Four of the Bull League’s top relievers are up for free agency at the end of 2018, and all eyes will be watching to see who gets offered extensions, and who gets their walking papers.
Topping the list is lefty Kyle Cahill, the Rimouski closer that the team picked up this off-season as a free agent, on a one year deal.
The 33-year-old last played with Dallas, where he had been traded to by California just at the trade deadline last July. Cahill was a starter until this off-season. The Fighting Moose currently plan to use the $13.5 million pitcher as a closer, maximizing his 97 mph fastball, and deadly breaking ball.
The transition could be difficult, as Cahill still considers himself a starter, and had a third pitch in his repertoire along with a stamina to support his continued role in the rotation. But as a closer, he could be positively a rally-killer. In early innings, batters hit just .204 against him last year.
If Rimouski doesn’t re-sign him, he would be a valuable starter or reliever for any ball club.
Jesus Carrillo is the first true closer on the list of pitchers with expiring deals this year. Carrillo has been a career workhorse pitcher out of the ‘pen, with a 2-1 finish last year, and 23 saves, making a career total of 38-44 and 171 saves. The popular closer is a six-time all-star, who at age 36 fashioned a career-best 1.23 ERA and 1.00 WHIP.
The Boston Brawlers have been pleased with his performance for the past two seasons, but the $6.4 million a year arm is in the final contract year, and is not getting any younger. Will they extend him? It’s hard to say. A team’s setup man is normally the next logical choice to replace a closer, but Oscar Gonzalez may not be ready for the role. After 3 seasons, his WHIP is 1.55, and seems to be getting worse each year (1.69 in 2017). A reliever with a short period of time on the mound should not be risking blown leads by walking batters or allowing them to hit nearly twice an inning on average.
The 3rd ranked reliever in baseball, Adam “Fitzy” Fitzpatrick of the Seattle Salts, is also up for renewal after 2018. Fitzy’s 2017 season was a resounding success, as he was named the AEL’s Woodchuck Trophy winner for being the best among the relievers. While his record was an impressive 5-3, with 29 saves, he was absolutely a cold blanket for opposing batters, holding them to a .279 BABIP, and engineering an ERA of just 0.89 in 45 games. In 50.2 innings he allowed just 11 walks, and 38 hits, for a WHIP of 0.97.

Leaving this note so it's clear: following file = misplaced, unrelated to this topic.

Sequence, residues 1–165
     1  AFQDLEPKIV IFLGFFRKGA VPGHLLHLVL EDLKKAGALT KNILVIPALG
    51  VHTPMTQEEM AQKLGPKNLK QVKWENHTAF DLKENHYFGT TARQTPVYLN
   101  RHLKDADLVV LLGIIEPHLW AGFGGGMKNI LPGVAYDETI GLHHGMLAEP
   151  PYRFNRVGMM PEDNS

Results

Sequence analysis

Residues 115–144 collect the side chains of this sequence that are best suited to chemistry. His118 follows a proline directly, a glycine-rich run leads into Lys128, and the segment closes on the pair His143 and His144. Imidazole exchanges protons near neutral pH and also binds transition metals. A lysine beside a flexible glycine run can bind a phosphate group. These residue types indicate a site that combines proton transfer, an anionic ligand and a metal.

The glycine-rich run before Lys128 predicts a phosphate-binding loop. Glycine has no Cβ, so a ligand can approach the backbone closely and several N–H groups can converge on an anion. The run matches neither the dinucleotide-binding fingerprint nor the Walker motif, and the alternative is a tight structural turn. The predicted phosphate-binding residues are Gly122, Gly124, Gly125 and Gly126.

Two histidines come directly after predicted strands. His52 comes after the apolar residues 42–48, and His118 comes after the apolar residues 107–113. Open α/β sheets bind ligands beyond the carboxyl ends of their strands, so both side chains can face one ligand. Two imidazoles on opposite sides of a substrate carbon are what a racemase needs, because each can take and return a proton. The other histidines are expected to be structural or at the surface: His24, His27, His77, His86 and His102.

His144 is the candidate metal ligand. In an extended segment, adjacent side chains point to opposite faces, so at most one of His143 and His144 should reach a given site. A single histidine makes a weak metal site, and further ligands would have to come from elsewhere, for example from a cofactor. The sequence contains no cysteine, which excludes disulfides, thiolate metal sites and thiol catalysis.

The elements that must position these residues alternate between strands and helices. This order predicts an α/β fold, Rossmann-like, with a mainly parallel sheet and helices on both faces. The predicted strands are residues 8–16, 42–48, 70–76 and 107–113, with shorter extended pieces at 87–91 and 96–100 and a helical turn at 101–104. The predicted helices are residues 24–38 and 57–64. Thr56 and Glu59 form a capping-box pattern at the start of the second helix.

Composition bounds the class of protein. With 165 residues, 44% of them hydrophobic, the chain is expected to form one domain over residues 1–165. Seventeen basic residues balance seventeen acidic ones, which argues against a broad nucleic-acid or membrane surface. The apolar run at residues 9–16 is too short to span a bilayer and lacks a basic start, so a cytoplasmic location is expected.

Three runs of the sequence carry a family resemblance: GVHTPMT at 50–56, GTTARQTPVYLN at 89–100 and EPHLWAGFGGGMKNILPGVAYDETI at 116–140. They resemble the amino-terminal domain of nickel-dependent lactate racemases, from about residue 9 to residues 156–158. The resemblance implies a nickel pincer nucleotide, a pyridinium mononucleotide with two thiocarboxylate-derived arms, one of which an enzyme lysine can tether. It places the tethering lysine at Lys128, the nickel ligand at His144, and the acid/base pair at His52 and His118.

Fitzy comes at a high price, however. Now 31, he will earn $9.5 million this year. Only former starter Cahill, and Chicago Pit Bulls veteran closer Ming Ou get paid more. Cahill hasn’t yet pitched as a reliever, and Ou (who is also in a final year of his contract) turned in only an average performance in 2017.
The Salts are looking at a possible budget crunch in 2019, and may not be in a position to afford a high-priced closer, meaning this year is very much a “do or die” season in terms of making a run at a Bull Cup. If they miss out on the postseason, Fitzy is likely to be history in Seattle.
Kevin Krohn ranked 16th among closers, and among the list is the youngest and hardest-throwing (at 99 mph). Calgary Inferno’s Krohn was a breakout rookie, who took both the Rookie of the Year and the Woodchuck Trophy in 2013. Since then, he’s struggled to find that first-year success, but has still turned in worthy performances, amassing a career record of 14-16, with an ERA of 3.61, 95 saves, and 215 K’s in 189.2 innings.
We already mentioned Ming Ou, who gets an honorable mention on the list. He spent 2017 as a closer, but had originally signed his contract when he looked like he was about to become one of the league’s top echelon starters, before the 2015 season. He then missed half of 2015 with a torn labrum, and then had his 2017 campaign as a closer marred by injury. Chicago might have let him go after that, but he executed his option for 2018.
All this to say Ou had an ok year in the closer role, but probably not one worth $10 million. Given that Fitzy is earning just below that mark, Ou will likely renew, or go into free agency and sign for significantly less, making him a possible great deal come November.